For a uniquely “Budapest” experience, hit up one of the many ruin pubs. They are combination bars/pubs/clubs that have been set up in huge, abandoned buildings decorated in all manner of thrift shop chic, including velvet couches, funky art, vintage signs, and disco balls. Szimpla Kert was one of the first ruin pubs in Budapest and remains one of the biggest and most popular. It has several different nooks, each with a different purpose, including a cocktail bar, a wine bar, a hookah room, an open-mic room, an open-air courtyard (with an old Trabant car in the centre that you can sit in while sipping a beer) and, of course, a dance floor with a kickass DJ.

A visit to Budapest would be incomplete without a dip in at least one of their famous thermal baths. The waters are naturally heated by magma underground and contain numerous minerals that are said to improve skin conditions and joint issues. There are many bath complexes to choose from, each with a different style and vibe. Szechenyi baths is one of the oldest, largest, and most popular in the city. It has three large outdoor pools (perfect for relaxing and star-gazing after a busy day) and several indoor pools of varying temperatures, including ice-cold plunge pools and a dry sauna. For a more traditional experience, try Rudas, which is a gorgeous Turkish-style bathhouse built in the 1500s.It has a main pool and a variety of smaller pools, as well as a steam room, dry sauna, and relaxation room. Weekdays at Rudas are gender-segregated and bathing in the nude is the norm, whereas on weekends it’s open to everyone and bathing attire is required.

The Hungarian Jewish Community is the largest in Central Eastern Europe and Budapest’s Jewish District is one of the most lively and interesting areas of the city. A perfect way to experience it is on foot, either with an organized walking tour or doing your own tour. A good place to start is the Great Synagogue on Dohány Street. It’s the largest synagogue in the world outside of Israel and is unique in its Moorish architecture, which is not typical of synagogues. The complex also includes the Jewish Museum, Heroes Temple, the Jewish Cemetery, and Raoul Wallenberg Memorial Park.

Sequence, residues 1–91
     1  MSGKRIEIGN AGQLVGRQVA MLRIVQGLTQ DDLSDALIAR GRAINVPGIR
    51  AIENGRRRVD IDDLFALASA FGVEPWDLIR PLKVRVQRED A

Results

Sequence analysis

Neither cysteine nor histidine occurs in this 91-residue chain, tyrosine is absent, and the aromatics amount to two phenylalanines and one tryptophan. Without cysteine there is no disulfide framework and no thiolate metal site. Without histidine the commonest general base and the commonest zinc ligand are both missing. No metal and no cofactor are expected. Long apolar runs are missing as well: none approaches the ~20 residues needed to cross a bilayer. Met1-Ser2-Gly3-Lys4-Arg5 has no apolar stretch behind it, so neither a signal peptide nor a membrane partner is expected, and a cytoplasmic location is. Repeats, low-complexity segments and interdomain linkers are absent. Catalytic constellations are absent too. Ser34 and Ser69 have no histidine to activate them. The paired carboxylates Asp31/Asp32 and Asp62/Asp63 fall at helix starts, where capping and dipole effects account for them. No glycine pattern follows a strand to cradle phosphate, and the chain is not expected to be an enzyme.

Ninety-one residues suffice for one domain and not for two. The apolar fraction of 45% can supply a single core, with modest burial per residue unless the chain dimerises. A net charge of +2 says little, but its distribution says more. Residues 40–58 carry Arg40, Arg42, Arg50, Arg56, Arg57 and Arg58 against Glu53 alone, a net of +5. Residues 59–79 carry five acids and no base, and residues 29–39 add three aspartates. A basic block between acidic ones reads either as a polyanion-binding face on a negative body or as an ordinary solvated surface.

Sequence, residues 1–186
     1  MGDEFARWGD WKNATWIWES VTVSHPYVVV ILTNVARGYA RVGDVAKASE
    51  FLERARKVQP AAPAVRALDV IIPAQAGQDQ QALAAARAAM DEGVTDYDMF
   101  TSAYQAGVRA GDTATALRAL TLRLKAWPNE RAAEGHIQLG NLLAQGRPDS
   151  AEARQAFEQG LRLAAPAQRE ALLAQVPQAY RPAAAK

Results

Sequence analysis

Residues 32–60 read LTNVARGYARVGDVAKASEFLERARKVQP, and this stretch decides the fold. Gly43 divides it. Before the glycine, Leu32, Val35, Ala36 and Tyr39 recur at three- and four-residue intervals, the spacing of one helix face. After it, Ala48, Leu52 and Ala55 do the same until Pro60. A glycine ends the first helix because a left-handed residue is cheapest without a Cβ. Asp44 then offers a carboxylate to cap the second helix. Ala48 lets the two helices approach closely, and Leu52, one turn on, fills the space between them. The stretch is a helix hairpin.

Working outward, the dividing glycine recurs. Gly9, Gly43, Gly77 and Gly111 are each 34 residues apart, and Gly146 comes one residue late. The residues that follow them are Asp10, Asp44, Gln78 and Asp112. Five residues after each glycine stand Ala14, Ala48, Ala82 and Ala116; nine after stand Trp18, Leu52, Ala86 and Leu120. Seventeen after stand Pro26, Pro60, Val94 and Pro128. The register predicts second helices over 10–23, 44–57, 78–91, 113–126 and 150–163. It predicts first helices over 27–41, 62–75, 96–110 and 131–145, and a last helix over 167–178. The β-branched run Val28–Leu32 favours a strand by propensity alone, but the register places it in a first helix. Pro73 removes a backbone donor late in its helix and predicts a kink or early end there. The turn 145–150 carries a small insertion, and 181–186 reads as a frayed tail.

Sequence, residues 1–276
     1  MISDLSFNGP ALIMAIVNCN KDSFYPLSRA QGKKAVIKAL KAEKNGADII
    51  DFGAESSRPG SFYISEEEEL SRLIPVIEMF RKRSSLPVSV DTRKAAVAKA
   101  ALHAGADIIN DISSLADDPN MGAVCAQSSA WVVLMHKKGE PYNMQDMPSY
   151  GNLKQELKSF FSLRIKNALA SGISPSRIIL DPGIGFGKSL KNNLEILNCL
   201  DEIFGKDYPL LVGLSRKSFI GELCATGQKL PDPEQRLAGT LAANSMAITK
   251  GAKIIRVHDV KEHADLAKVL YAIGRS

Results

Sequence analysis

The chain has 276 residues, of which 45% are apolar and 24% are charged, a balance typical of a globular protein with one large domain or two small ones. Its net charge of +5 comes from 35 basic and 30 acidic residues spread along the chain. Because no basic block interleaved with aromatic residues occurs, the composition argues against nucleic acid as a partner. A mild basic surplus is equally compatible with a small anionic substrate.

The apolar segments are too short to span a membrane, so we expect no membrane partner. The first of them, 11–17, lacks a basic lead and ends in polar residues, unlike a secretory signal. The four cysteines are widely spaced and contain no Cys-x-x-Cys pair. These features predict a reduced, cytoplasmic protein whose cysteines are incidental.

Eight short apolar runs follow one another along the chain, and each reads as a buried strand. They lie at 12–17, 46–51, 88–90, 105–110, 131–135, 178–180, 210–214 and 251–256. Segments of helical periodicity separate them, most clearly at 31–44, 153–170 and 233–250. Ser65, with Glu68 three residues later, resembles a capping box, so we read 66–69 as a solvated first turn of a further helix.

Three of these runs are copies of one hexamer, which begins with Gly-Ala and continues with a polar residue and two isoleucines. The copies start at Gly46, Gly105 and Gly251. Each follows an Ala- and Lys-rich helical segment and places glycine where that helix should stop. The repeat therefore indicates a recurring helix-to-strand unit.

The Great Synagogue was originally consecrated in 1859. It was bombed by the Hungarian pro-Nazi Arrow Cross party in 1939 and was used as a base for German Radio during WWII. The synagogue was severely damaged during the WWII air raids but during the Communist era it was repaired and once again became a house of worship.

The Jewish Museum holds a collection of religious relics from Pest Hevrah Kaddishah (Jewish Burial Society), ritual objects of Shabbat, and a Holocaust room.

Raoul Wallenberg was a Swedish diplomat who helped rescue thousands of Jews during the Holocaust, before his mysterious disappearance. The park contains a captivating Memorial to Hungarian Jewish Martyrs, which resembles a metallic weeping willow tree and has the names of Hungarian Holocaust victims engraved on the leaves. Also part of the memorial are four marble plates, which commemorate 240 other non-Jewish Hungarians who helped to save Jews during the Holocaust.

A quick walk from the Great Synagogue complex will bring you to Király utca, also known as Budapest’s Design Street. It has some fantastic restaurants, pubs, and outdoor cafes, and comes alive every Sunday for a weekly market. Nearby, on Kazinczy street, there is the Orthodox Synagogue, which was built in 1913 and is a magnificent example of Hungarian Art Nouveau architecture.

Where to Stay

Accommodation in Budapest is affordable and plentiful. AirBnB is a great option, with several apartments located in the city centre for easy exploring on foot. I stayed at a beautiful AirBnB close to the river and just a short walk from the centre of town for about $200 for 7 nights.

Budget travellers will be thrilled at the variety and quality of hostels in the city. These are some of my favourites:

Lavender Circus – Super funky style, spacious rooms, and amazing central location. Each room is individually decorated with vintage furniture and drawings on the walls. All beds are doubles so this hostel is ideal for couples or friends travelling together.

Maverick City Lodge – Perfect location in the heart of the Jewish Quarter, immaculately clean, and you can get a palatial double room with a huge bed, tv, ensuite bathroom and clean towels for the same price you would pay for a dorm bed in Western Europe. They also have dorms and free breakfast so it’s great for solo travellers looking to make friends.

Wombats – Part of a high-quality European hostel chain, Wombat’s Budapest offers clean dorms, a well-equipped kitchen, free breakfast, a excellent location in the Jewish Quarter. You can always rely on the “Wombar” for a good time and if you want to get the pub crawl going, Szimpla Kert is just steps away.

Each of these hostels can be booked direct through their websites or through ” target=”_blank”>Booking.com